Tanning addict who shunned sun cream has tip of nose cut off after tiny pimple turned out to be skin cancer – The Sun
A TANNING addict who shunned sun cream had to have the tip of her nose cut off after a tiny pimple turned out to be skin cancer.
Laure Seguy, 35, thought she had simply scratched the end of her nose, but when the mark was still there months later she started to get worried.
The mum-of-one says it would repeatedly bleed then scab over after exposing her skin to the sun's rays.
Eventually, in October last year, Laure decided to see her GP – but was told it was probably an infection and she was sent off with an anti-bacterial cream.
When that didn't work her doctor advised speaking with a dermatologist who said the next available appointment was in February.
Laure, who lives in Toulouse, France, said: "I told them I had a spot on my nose that bled every now and then and had been there for five months.
"I remember hearing a blank on the other end of the line before the dermatologist said, 'OK, we have an appointment for you in 15 days.'
"That's when I knew it was really serious."
Rarely wore sun cream
A sun worshipper since childhood, Laure, who has naturally dark skin, rarely thought to wear sun cream on holiday or during the sizzling summers.
She said: "I don't have freckles and I have quite tanned skin anyway, so I never really burn, only a little bit sometimes at the start of the summer."
But a biopsy of the pimple in November revealed that she had basal cell carcinoma – a slow-growing form of non-melanoma skin cancer.
She was told she would need surgery to remove the cancerous cells, but Laure was in the middle of doing a yoga teacher training course in Paris.
She decided to wait until the following May for her operation.
Laure, who has a three-year-old daughter named Ayla-Rose, said: "I was obviously a bit concerned about leaving it so long, but the doctors said that because it was very slow growing it was OK to wait."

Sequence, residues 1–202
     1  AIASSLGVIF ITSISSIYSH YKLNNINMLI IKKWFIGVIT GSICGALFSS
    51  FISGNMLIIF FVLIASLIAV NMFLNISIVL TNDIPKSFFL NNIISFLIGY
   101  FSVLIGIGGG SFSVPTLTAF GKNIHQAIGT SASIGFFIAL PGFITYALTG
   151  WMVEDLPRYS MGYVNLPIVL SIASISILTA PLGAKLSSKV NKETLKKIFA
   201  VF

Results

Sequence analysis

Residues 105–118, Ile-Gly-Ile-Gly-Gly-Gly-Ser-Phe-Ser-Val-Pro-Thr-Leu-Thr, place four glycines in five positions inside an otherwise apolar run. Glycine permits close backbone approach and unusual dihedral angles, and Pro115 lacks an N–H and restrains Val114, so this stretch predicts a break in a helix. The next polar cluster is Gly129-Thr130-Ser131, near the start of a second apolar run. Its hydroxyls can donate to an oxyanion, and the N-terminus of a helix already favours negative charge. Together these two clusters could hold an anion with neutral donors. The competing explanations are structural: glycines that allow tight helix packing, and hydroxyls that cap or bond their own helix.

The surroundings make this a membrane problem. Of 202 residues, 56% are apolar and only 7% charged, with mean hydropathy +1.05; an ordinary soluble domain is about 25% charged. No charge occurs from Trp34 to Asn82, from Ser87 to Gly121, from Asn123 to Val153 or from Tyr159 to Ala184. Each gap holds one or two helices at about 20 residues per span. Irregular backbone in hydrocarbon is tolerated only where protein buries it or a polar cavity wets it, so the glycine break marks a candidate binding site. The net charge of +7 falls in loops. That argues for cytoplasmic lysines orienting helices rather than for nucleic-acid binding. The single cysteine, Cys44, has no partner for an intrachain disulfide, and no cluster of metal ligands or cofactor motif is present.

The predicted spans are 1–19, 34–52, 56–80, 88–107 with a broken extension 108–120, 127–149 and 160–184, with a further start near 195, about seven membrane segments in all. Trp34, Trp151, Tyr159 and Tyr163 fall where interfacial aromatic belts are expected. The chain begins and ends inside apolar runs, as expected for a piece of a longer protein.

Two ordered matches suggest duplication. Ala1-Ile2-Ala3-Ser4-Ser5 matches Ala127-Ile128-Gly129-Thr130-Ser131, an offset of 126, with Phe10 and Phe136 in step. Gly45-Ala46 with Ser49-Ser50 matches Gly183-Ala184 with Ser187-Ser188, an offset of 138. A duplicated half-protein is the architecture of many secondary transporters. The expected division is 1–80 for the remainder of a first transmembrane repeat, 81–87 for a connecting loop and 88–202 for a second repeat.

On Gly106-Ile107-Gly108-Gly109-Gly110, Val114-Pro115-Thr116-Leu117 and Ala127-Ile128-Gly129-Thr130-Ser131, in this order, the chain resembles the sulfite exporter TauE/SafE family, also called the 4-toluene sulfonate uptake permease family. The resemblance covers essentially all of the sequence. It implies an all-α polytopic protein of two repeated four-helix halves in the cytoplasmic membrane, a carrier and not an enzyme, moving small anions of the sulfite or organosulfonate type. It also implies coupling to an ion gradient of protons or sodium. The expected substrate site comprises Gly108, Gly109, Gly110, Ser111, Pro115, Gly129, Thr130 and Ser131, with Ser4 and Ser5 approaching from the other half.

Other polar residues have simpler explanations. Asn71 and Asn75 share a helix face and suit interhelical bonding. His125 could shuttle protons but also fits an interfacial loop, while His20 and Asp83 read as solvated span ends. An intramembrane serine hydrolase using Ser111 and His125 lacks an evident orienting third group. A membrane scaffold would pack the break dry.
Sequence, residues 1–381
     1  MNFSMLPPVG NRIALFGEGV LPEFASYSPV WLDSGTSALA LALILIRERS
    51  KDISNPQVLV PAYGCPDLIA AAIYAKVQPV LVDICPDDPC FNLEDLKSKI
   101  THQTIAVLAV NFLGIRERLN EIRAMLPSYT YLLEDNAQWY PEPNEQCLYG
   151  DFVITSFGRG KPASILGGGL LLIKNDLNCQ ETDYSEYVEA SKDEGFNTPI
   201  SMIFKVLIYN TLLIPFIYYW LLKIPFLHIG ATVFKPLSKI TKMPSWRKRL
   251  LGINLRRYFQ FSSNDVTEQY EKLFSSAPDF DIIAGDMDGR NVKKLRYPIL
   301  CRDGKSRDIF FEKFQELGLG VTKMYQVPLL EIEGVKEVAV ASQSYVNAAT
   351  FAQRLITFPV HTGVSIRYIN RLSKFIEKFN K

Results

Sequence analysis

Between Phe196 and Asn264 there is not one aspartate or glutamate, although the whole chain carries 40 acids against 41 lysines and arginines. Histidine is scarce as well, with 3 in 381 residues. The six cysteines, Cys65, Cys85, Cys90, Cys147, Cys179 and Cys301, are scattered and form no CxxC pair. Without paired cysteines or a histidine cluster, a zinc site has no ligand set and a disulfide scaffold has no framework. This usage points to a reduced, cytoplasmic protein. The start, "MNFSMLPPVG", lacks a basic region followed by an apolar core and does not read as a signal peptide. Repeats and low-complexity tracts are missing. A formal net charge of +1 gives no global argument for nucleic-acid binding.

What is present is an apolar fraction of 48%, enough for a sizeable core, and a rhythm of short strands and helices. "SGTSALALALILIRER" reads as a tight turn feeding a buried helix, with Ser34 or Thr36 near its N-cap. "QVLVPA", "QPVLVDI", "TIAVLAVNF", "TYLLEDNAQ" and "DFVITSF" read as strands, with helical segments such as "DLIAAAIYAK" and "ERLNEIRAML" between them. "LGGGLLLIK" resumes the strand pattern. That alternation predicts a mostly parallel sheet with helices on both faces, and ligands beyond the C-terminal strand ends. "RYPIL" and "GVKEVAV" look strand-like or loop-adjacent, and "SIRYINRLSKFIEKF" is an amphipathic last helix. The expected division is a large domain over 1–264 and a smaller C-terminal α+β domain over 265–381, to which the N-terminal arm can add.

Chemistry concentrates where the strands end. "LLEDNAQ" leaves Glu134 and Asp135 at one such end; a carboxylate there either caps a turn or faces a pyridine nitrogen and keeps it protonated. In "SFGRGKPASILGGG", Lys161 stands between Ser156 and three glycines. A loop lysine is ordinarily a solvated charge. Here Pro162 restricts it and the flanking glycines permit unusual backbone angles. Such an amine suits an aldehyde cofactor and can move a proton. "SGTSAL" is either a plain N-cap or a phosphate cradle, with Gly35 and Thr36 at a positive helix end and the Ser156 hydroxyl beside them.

Under the knife
Last month, she had the first of three procedures, cutting 11mm off the end of her nose, removing both cancerous and healthy cells, to make sure all the carcinoma had gone.
A week later, having analysed the cells, surgeons were confident Laure was cancer free.
Next, a week later came the second two-hour surgical procedure to cut a piece of skin from her hairline and pull it down, attaching it to a hole in her nose, called a reconstructive skin flap.
Waking up groggy from the general anaesthetic, Laure recalled her shock at seeing her new face, which she said looked "utterly bizarre."
Self conscious about her strange appearance, she was reluctant to leave the house over the next few weeks, while the transferred skin knitted into her nose.
Symptoms of skin cancer
Skin cancer is one of the most common cancers in the world.
Non-melanoma cancers are more common than melanomas, with 100,000 new cases being diagnosed every year in the UK.
The first sign of non-melanoma skin cancer is usually the appearance of a lump or discoloured patch on the skin that continues to persist after a few weeks, and slowly progresses over months or sometimes years.
Melanomas, on the other hand, is often characterised by a mole.
There are two common types of non-melanoma:
Basal cell carcinoma (accounts for 75 per cent of skin cancers): usually appears as a small, shiny pink or pearly-white lump with a waxy appearance. It can also look like a red, scaly patch. There's sometimes some brown or black pigment within the patch. The lump slowly gets bigger and may become crusty, bleed or develop into a painless ulcer.